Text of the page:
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Its a shame we won't get a hybrid version, as they could have great weight balance by putting the lithium battery in place of the spare tire way in the back, and on the Tucson it bumps it up to 38mpg city and highway on the blue trim and reviewers are saying the little electric boost off the line really makes it feel peppy with its 227hp.
Very true... however the battery pack likely hurts the payload and towing capacity which might be why they are not offering it (yet). Maybe a hybrid will come in later models if the SC proves to be popular. As you stated in another post most truck shoppers don't care about mileage so Hyundai is likely hedging their bets knowing most would rather haul stuff then gain those last few MPG.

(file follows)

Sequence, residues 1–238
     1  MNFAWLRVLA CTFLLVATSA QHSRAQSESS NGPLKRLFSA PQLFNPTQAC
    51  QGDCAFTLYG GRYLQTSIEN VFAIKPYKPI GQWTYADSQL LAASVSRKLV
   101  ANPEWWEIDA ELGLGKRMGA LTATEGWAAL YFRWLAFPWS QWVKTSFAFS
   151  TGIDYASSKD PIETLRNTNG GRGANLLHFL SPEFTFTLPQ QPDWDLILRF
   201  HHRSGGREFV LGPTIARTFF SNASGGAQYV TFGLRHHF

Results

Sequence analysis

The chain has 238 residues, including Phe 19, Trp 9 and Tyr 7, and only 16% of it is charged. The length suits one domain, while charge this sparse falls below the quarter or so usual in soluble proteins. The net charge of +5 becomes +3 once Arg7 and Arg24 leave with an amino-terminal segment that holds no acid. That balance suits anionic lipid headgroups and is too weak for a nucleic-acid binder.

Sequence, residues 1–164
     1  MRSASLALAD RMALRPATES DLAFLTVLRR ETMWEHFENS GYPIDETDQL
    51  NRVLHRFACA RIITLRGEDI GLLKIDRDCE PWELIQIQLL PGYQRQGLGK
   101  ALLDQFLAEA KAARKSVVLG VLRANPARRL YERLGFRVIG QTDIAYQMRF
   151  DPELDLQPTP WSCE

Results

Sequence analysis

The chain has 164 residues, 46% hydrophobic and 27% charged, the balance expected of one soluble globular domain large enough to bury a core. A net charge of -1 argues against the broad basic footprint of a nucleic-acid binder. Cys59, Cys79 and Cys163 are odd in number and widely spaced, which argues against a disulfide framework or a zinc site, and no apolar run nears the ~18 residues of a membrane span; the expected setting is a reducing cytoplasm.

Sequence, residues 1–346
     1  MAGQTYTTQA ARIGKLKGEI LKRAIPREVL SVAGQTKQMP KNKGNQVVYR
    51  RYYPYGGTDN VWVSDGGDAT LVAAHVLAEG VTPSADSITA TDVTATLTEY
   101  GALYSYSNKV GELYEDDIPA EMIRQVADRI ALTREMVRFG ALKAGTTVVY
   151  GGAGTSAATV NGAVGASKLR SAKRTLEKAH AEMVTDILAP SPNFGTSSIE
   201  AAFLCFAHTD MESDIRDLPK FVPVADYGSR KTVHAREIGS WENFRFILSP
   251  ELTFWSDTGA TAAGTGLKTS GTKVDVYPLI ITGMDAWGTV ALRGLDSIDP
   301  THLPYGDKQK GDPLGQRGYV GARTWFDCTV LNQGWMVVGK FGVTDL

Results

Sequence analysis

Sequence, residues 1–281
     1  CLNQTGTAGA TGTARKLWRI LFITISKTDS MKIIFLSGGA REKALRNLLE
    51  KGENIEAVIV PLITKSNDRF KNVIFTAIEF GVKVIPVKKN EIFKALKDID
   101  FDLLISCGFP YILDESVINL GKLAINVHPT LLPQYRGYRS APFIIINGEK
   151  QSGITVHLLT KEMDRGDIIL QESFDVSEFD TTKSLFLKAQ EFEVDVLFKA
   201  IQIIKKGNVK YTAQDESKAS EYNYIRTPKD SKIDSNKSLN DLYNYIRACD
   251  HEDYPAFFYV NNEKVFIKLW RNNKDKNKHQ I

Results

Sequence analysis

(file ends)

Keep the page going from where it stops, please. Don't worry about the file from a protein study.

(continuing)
Since my V8 Dakota gets 14/19 and a pathetic 11 MPG while towing anything the SC offers will be a massive improvement for me. The Ranger with its turbo 4 manages 19/26, so the SC should out perform that in FWD and hopefully manage to match or even exceed it in AWD.
 

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Since my V8 Dakota gets 14/19 and a pathetic 11 MPG while towing anything the SC offers will be a massive improvement for me. The Ranger with its turbo 4 manages 19/26, so the SC should out perform that in FWD and hopefully manage to match or even exceed it in AWD.
As a proud owner of a 1.6T AWD Kona - I can tell you that the HTRAC system is quite amazing in snow, at least. When you lock the AWD via a button, it's actually a challenge getting stuck in a reasonable amount of snow. It just does VERY well. Thing is a **** snow leopard. This is on all season tires that came with the car from factory.